Culture Making: Recovering Our Creative Calling

Culture Making: Recovering Our Creative Calling Culture Making: Recovering Our Creative Calling by Andy Crouch

My rating: 5 of 5 stars
There are some books that after you turn the last page, you know you will be different. You can’t always explain why, but in the course of reading it, you know something deep within you has been changed. This book has had that effect on me.

I only read it because Amazon suggested it, and it did go along with some of my dissertation research. A couple of times, in the beginning, I thought about reading something else instead, but I continued on and I’m glad I did.

Crouch discusses “cultures” and how Christians interact with the cultures around them. Instead of calling Christians have postures of being against culture, critiquing culture, consuming culture, or transformation culture, he calls them to create culture (which according to Crouch is what God calls us to do).

For me, the best part of the book was Part 3 where he eloquently invites all to be culture makers for the sake of the Gospel.

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The Bitterness of the Gospel

The man walked away depressed. Jesus had just told him that to gain eternal life he would have to give up all that he had and sell everything. Since he was rich, the news wasn’t all that good.

As the man walked away, Jesus told those standing around how difficult it was for the rich to enter the kingdom of God. As shock was being expressed by those who were realizing what Jesus was saying, he comforted them by acknowledging that with God all things were possible.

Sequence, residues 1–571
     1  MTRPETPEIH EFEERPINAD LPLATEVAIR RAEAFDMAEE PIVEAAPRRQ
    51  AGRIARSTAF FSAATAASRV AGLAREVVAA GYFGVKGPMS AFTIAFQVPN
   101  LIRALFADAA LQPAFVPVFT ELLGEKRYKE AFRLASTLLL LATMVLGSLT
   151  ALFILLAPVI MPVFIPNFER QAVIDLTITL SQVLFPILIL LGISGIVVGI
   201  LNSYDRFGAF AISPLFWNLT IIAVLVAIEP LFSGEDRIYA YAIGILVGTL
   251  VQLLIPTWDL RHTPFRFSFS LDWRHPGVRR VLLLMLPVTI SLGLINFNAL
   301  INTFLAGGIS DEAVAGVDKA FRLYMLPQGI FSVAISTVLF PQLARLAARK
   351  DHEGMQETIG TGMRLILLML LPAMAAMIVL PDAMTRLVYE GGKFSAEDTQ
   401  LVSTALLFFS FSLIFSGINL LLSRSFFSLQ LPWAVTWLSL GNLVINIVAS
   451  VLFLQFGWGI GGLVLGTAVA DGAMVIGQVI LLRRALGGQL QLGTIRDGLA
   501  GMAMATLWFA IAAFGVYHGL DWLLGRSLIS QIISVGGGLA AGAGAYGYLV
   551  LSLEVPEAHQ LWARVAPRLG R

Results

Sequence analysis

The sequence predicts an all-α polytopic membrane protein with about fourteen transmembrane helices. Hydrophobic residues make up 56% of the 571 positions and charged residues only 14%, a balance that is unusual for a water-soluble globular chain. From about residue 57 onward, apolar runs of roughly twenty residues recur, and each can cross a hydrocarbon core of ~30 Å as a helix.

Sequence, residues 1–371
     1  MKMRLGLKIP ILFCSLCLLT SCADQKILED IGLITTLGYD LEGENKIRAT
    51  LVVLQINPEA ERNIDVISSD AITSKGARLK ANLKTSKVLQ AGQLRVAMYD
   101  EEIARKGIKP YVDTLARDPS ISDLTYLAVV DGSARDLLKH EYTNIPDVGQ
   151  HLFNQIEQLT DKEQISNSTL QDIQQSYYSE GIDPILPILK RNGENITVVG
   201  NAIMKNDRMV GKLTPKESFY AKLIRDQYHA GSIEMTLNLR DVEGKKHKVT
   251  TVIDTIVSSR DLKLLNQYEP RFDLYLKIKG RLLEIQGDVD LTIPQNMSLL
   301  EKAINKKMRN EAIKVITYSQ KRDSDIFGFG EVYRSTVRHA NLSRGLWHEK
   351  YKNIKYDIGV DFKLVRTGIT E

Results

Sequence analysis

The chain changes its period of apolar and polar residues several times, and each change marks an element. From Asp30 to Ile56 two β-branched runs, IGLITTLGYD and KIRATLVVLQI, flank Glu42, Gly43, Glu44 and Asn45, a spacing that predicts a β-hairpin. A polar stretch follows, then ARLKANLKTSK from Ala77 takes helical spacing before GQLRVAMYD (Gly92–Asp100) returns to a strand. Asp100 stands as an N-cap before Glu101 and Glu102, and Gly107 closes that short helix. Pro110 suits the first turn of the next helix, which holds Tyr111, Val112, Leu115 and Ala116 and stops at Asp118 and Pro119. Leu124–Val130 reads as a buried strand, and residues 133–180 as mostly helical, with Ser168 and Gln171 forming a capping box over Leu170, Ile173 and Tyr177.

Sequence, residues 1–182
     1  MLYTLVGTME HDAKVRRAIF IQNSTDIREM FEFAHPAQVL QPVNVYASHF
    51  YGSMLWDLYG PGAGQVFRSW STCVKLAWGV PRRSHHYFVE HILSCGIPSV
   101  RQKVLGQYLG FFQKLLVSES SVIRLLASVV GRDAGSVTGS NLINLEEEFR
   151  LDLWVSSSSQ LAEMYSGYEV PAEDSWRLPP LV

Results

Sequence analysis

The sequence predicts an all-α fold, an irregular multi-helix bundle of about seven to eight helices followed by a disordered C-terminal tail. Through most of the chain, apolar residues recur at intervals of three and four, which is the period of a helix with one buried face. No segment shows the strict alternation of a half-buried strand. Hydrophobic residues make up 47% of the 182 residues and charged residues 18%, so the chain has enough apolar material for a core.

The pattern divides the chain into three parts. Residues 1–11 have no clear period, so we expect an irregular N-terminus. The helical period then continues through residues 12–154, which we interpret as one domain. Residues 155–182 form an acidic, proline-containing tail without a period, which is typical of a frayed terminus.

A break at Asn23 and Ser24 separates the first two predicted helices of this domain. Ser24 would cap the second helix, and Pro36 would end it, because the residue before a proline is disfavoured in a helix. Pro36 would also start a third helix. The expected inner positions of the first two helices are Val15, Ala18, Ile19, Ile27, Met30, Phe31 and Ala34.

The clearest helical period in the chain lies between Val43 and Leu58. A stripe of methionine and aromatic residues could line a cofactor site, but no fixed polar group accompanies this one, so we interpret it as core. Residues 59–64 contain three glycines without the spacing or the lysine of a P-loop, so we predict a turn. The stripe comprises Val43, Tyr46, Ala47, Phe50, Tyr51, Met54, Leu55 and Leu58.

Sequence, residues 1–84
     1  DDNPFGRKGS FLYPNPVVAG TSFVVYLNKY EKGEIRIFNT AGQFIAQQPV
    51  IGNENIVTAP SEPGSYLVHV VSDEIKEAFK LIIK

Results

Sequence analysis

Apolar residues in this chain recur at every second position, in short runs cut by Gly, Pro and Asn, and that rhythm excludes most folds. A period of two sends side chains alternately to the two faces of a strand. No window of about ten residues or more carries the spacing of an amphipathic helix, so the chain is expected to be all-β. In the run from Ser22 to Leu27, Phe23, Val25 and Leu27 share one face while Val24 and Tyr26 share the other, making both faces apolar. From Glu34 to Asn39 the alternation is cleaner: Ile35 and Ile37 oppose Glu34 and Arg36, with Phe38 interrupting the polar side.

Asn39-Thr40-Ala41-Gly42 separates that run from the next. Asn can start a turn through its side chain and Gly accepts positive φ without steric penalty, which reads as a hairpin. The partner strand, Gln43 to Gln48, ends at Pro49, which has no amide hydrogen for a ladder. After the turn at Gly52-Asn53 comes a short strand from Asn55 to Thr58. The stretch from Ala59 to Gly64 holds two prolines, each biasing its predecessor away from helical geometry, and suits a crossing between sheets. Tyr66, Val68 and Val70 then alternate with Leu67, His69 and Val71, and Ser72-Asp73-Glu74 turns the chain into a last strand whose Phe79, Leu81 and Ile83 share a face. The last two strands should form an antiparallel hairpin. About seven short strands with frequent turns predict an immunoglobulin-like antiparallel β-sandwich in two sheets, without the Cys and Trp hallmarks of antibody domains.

Peter spoke up and said "We have left everything for you." When I read these passages I usually miss this statement from Peter. For Peter, the gospel meant leaving everything. Jesus responded, "no one who has left house or wife or brothers or parents or children, for the sake of the kingdom of God, who will not get back very much more in this age, and in the age to come eternal life." (Luke 18:28-30). Could it be that Peter had left house, wife, and all for the sake of the gospel? I believe that he did.

I don’t know about you, but there are times when Mr. Bitterness (as a friend of mine calls ‘him’) shows up. I don’t think that Peter was bitter in this passage, but I know I am when I say the same things to Jesus. There are times when what I’ve sacrificed for the gospel become very real and very painful. Then if things don’t go my way it is easy to say, "Look what I’ve given up…."

Living in America it is easy to see what others have and begin to envy their lifestyle, what they have, where they go on vacation, knowing that you could do the same thing, if you weren’t doing what you were doing for the gospel. At the same time, there are others, many others, who have given up much more than I have. They have sacrificed their families, their health and their very lives. As you read this there are those who are not sitting behind a desk looking at a monitor or laptop screen. They are bruised, broken and in jail. They have given all to follow Jesus.

There is a bitterness to the gospel. While it is definitely Good News, it also calls for sacrifice. Jesus assures us, however, that whatever we give up, it will be worth it. One day we will be so glad that we made the sacrifice, that we sent Mr. Bitterness on his way to someone else’s house, and continued to give all that we could for the sake of the Gospel. Until then, we rest in knowing we are doing all that we do for Him.